By: Fatema Fatakdawala
One of the key challenges faced by innovators of the R&D department is to develop economic value for their products in the pipeline. With the added burden of increasing regulatory hurdles, today, pharma and biotech companies have to waste up to an extra 2 years to get clearance from organizations such as the CDR (Common Drug Review) and PMPRB (Patented Medicine Price Review Board). Due to resource constraints, the only option left for firms in this industry is to pool their resources in an R&D model described below.
Based on the E&Y Super Session at this year’s BIO International Convention 2012 in Boston, MA; the panelists outlined the concept of a “patient-centric R&D” as they outlined the need for biotech firms to improve R&D processes through early stage collaboration. This approach allows researchers to gather and react to pooled data in real-time in a united effort that ultimately benefits patients.
One example of an innovative collaboration model highlighted in the Session was a concept E&Y developed for the report called the HOLNet (holistic open learning network) system. HOLNet involves pharmaceutical and biotech companies, payers, providers and patient groups that work together to establish standards for data pooling, allowing for more open avenues to develop treatments in an environment that is favorable to the needs of the patient. While the panelists were enthusiastic of the promises that the HOLNet system could deliver on, they all agreed that it would take considerable efforts on behalf of all corners of the healthcare system to bring the idea to fruition.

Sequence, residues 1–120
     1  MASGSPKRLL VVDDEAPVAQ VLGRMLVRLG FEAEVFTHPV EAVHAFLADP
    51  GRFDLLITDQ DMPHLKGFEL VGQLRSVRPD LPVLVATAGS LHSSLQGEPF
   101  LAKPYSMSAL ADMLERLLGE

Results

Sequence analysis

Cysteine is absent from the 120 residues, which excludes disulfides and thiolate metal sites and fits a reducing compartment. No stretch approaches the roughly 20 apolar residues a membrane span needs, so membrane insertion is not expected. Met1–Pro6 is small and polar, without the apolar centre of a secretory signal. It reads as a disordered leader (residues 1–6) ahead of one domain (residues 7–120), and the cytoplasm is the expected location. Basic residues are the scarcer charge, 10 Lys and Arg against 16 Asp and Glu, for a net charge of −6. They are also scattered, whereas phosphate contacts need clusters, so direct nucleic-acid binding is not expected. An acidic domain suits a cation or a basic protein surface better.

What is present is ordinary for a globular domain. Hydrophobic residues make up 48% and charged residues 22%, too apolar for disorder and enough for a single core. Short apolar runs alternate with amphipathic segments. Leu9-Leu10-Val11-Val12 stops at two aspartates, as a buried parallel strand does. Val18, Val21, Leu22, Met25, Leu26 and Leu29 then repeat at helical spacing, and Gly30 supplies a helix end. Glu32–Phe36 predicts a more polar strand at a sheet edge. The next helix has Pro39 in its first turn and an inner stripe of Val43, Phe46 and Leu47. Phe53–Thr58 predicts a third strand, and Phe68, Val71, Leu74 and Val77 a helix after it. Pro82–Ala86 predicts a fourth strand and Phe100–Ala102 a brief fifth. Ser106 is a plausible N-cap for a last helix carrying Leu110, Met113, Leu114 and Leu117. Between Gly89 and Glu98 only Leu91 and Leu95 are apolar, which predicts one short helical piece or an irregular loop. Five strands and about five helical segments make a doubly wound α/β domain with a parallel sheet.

On one hand, it would be great to see companies collaborate for the better good of patients but the question is, will large pharma be ready to embrace this model and reveal their R&D projects to their marketplace competitors?
Fatema joins the RIC team as the Communications Officer responsible for marketing, social media, event and web management. She is a graduate student pursuing her final year in the Master of Biotechnology program at the University of Toronto Mississauga.
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